Despite the valuable findings, this research has some limitations. First, the study had a possible participation bias, in which it is unlikely that people with no level of worry about the pandemic or even those who denied the existence of the pandemic itself would have been interested in responding the survey. That is, even people with low worry showed some concern in relation to COVID-19, which may have led them to participate in our research, given the sampling by convenience. On the other hand, the absence of this feeling of worry or even denial may not have aroused interest in collaborating with the study, which suggests some bias in the sample. Another limitation is that, considering the type of sampling, even though there has been a large number of people participating in several locations in Brazil, there is also the difficulty of generalizing the findings to the general population, since men, people with low schooling, and older subjects (elderly, especially) were less represented in the sample. Therefore, caution is needed in extrapolating the results of this study. It should be noted that the current investigation was carried out right at the beginning of the first peak of the COVID-19 cases and deaths in Brazil, a specific moment in relation to the impact of the pandemic on the country.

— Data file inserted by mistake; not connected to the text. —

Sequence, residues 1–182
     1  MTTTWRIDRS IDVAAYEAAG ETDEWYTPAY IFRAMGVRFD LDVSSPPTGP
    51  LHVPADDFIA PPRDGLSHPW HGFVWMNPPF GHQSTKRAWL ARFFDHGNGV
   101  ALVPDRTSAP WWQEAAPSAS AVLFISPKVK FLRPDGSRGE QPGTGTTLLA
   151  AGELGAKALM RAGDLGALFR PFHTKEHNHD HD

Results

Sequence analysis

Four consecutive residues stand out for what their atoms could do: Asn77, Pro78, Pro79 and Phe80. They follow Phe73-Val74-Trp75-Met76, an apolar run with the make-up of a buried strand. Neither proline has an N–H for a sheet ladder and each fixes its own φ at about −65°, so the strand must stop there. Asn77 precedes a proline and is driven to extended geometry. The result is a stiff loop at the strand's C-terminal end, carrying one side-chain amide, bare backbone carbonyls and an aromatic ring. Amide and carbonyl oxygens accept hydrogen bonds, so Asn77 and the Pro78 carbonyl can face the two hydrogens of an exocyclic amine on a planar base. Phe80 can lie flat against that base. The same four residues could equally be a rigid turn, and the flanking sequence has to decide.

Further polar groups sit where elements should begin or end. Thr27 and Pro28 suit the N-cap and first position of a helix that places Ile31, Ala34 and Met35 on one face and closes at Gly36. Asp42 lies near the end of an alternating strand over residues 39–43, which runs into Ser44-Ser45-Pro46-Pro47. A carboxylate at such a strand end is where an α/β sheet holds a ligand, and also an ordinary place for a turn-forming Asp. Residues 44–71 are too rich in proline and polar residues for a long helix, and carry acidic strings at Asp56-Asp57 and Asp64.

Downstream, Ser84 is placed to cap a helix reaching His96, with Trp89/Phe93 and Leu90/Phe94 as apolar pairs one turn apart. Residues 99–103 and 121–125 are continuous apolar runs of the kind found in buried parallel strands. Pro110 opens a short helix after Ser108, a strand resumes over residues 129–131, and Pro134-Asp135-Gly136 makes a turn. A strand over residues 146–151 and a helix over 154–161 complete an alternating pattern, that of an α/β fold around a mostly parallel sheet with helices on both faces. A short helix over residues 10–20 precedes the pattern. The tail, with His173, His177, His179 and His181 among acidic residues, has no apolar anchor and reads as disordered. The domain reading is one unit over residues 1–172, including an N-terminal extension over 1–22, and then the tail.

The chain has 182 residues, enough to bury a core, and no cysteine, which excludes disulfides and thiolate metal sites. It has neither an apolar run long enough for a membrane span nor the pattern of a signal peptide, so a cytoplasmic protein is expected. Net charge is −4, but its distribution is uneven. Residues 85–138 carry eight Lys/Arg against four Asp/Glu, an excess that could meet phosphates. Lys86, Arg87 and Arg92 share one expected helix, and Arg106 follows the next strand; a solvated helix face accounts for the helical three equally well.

Variables such as having had COVID-19, having known or lived with people who were infected or who died of COVID-19, although they had been part of this research, did not show any impact on the outcomes. It is worth highlighting that investigating these variables in another period of the pandemic can be a relevant topic, as this was a cross-sectional study and does not reflect the influence of other moments of the crisis within and throughout the pandemic itself. We also believe that future studies may focus on other periods of the pandemic, in which there is a variation in the number of cases and deaths, seeking to compare the mental health status. Thus, it would be possible to assess the negative outcomes associated with COVID-19 and ways of combating it, starting with a knowledge of CMD symptomatology in the Brazilian population.

Finally, the conclusions of this research suggest that the occurrence of anxious and depressive symptoms in the Brazilian population in June 2020 can be considered high, when compared to studies from other locations, in a period similar to our data collection. Besides, the findings showed that there are characteristics that predict greater exposure to significant symptoms of anxiety and depression (sex, age, and level of worry), and that worry was the variable with the greatest impact.



Conflicts of interest

The authors declare they have no conflicts of interest.